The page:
Note: This was based on insufficient information. I had no idea what this was for, and based on the initial information I came up with a way to effectively fill an empty box (with a balloon as a liner) with argon. Since the actual use is for storage of items within that box, as opposed to some scientific experiment involving small items placed into the box through an airtight hole or similar usage, the balloon method is not too practical as placing the items inside an uninflated balloon would not be easy. But since the answer still has some potential use, I am leaving it on the page.
I think you are going to have problems doing that. I will assume for the moment that it is really airtight - many times things are "basically" airtight but not 100%.
Start off by a common similar situation - filling a balloon with helium.
Do you start with a balloon full of air and push out the air with helium? No, because that would be very hard to do. In fact, if you tried to do that, you would actually end up with either the helium going in but no air going out - and end up with a 2x pressure mix of helium and air, or you would have to figure out a way to get the helium (which is lighter than air) in while getting air - and only air - to go out. Despite the difference in weight, that would not be an easy thing to do.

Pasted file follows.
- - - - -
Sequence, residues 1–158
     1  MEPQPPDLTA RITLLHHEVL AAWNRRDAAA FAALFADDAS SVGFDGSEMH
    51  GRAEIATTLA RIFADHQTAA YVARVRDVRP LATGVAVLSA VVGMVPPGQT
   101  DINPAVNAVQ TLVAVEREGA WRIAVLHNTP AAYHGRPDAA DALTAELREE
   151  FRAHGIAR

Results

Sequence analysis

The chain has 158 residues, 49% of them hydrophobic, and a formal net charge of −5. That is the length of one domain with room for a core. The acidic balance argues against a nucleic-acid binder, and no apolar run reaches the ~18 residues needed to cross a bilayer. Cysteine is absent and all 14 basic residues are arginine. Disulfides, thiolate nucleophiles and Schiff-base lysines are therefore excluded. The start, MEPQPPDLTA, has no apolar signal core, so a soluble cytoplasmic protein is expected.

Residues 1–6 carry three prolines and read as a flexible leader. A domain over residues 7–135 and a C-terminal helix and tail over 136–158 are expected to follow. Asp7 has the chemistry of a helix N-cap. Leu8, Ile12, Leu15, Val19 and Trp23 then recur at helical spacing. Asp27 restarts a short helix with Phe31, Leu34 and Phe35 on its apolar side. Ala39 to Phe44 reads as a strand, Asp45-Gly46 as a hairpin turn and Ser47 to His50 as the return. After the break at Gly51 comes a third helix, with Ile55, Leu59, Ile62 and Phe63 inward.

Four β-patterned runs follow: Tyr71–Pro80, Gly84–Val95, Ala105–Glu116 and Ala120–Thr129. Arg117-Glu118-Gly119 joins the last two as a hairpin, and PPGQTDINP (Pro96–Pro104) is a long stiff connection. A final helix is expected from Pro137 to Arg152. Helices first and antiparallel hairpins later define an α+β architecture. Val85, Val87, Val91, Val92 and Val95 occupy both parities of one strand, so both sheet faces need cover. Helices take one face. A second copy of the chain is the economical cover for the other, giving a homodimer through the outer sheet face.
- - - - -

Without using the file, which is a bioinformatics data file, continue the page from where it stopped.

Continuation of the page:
What do you do instead? You take an empty balloon and fill it with helium. There is no air to push out, so this works just fine.
With a hard plastic container (like a typical storage box), that just won't work - trying to push in argon would be similar to pushing helium into an air-filled balloon.
But that gave me an idea:
- Get a LARGE latex balloon or similar airtight very flexible material. Large enough that filled/expanded it can fill the entire box but that initially it is empty.
- Cut a hole in the lid of the box. Put a valve in the hole (bicycle tire valve?) and seal around it well.
- Attach the empty balloon to the inside of the lid.
- Put the lid on the box and make sure it is not sealed well. This is to allow the gas outside the balloon to escape as the balloon expands.
- Attach your argon supply (tank?) to the valve and fill 'er up.
- Seal the lid well. The balloon will be the primary airtight enclosure but the box, provided it is truly airtight, will be a secondary enclosure.
If you want to have a mixture - e.g., argon + air, or argon + helium or hydrogen + oxygen (not recommended!), use the same setup and fill up first with one gas and then the other.